In the past decade, half of all documentaries nominated for an Academy Award went on to receive a Primetime, News and Doc or Intl. Emmy nomination.
Unlike “Moonlight,” “Spotlight” and “12 Years a Slave,” nonfiction feature Oscar winners including “CitizenFour,” “Taxi to the Dark Side” and “Born Into Brothels” can also tout an Emmy win.
Why? Because documentaries are by and large a product of television or digital platforms and not film studios. Without funding from small-screen distributors such as HBO, PBS, A&E and streaming services including Netflix and Amazon, the Oscar feature documentary category wouldn’t exist.
But docu filmmakers, similar to narrative filmmakers, want the same thing: for their film to be seen in a movie theater with an audience. So outlets, including HBO and PBS, have selectively facilitated that desire for primarily two reasons: to please directors and perhaps more importantly, to qualify for an Academy Award, which is coveted by even the most steadfast television producer or global streaming platform executive.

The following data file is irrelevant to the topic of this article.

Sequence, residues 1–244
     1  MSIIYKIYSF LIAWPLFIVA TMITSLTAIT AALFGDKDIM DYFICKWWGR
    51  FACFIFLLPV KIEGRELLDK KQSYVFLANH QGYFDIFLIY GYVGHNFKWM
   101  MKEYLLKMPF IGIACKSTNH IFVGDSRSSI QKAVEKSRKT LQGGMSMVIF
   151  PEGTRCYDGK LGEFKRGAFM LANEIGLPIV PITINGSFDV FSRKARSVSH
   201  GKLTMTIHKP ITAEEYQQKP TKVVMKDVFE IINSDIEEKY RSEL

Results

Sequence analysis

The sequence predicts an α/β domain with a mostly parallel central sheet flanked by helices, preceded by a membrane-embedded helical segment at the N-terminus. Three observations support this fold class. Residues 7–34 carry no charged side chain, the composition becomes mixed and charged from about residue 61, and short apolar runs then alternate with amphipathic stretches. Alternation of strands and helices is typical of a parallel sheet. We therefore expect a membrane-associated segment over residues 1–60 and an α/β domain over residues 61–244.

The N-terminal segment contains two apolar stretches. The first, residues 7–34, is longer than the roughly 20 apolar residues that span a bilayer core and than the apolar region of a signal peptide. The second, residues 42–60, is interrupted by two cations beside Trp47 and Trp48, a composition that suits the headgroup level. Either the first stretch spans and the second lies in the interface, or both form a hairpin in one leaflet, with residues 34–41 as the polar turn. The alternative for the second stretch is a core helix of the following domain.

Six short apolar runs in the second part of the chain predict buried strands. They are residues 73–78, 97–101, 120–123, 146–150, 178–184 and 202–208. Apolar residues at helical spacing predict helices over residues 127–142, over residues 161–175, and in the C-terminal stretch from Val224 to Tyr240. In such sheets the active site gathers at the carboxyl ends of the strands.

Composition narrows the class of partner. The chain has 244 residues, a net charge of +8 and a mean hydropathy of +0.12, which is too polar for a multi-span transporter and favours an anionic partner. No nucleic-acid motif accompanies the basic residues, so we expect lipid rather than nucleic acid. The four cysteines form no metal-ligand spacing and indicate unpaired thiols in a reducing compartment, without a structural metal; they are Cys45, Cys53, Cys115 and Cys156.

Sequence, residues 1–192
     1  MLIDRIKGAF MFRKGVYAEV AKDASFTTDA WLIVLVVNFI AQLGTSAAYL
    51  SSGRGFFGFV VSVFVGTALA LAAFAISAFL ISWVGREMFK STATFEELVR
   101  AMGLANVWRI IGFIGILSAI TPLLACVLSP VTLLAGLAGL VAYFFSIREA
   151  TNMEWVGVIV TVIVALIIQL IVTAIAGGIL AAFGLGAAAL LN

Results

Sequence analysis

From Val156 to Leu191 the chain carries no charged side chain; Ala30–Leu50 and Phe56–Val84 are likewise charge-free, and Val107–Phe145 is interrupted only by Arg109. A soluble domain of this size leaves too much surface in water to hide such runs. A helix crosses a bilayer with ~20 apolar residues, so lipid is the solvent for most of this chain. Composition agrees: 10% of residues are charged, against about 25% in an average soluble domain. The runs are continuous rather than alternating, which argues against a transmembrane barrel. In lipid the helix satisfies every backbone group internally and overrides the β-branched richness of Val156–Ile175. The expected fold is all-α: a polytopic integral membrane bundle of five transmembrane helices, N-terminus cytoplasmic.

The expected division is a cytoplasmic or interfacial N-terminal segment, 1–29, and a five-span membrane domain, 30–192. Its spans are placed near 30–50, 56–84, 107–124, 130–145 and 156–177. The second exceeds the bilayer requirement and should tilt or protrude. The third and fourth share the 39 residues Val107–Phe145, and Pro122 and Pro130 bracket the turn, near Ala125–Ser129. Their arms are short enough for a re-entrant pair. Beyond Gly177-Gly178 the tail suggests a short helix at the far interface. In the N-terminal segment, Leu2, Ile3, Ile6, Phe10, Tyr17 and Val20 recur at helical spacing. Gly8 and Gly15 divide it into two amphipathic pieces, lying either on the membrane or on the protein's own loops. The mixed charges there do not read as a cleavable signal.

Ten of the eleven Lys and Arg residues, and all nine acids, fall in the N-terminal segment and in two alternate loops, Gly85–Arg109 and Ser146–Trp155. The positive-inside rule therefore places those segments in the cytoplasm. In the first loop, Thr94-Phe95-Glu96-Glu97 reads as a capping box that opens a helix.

But those same producers and execs also want the television industry’s most esteemed accolade, an Emmy, as they are technically in small-screen business. The Emmy might be an afterthought to documentary filmmakers, but it’s a requirement for television outlets.
Among this year’s Oscar-nominated docs, “13th,” “I Am Not Your Negro,” “Life Animated” and “O.J.: Made in America” received their primary funding from small screen platforms including Netflix, PBS, A&E and ESPN. Combined, “13th,” and this year’s Oscar winning doc, “O.J.: Made in America,” are up for 14 Primetime Emmys. “Life Animated” was disqualified from the Primetime race, while “I Am Not Your Negro” will compete in the 2018 race.
“I Am Not Your Negro” is an Independent Lens production. Since 2001, the PBS docuseries has garnered eight Oscar nods and 13 Emmy Awards. Under executive director Lois Vossen, films funded or presented on Independent Lens include Academy Award-shortlisted docs “Tower” and “Best of Enemies,” as well as Oscar-nominated films “The Invisible War,” “Hell and Back Again” and “Enron: The Smartest Guys in the Room.”
“If the DNA of a documentary is with a television funder like Independent Lens or ITVS it’s important that the films also be eligible for Emmy consideration,” Vossen says. “Documentaries are an art form that transcend platforms, so until distribution models evolve there will be a desire to recognize excellence on multiple platforms.”